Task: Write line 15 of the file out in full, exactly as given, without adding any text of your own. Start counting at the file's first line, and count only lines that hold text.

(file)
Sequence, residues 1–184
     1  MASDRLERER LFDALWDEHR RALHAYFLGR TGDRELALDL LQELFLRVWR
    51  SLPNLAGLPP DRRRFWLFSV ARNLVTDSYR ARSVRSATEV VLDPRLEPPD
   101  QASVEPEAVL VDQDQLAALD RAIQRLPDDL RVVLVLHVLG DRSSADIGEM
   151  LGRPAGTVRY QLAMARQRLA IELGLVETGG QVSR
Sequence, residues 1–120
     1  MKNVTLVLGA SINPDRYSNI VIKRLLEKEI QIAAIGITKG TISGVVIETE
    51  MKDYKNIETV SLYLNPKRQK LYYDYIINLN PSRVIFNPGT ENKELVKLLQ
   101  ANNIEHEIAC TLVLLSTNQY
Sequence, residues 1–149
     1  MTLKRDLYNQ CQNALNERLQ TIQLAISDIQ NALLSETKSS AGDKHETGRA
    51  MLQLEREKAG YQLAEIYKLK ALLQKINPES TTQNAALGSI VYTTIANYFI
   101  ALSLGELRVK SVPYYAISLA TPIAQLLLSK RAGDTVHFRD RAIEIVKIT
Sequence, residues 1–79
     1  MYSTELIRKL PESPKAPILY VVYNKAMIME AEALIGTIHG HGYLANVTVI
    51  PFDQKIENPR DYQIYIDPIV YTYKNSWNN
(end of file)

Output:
     1  MYSTELIRKL PESPKAPILY VVYNKAMIME AEALIGTIHG HGYLANVTVI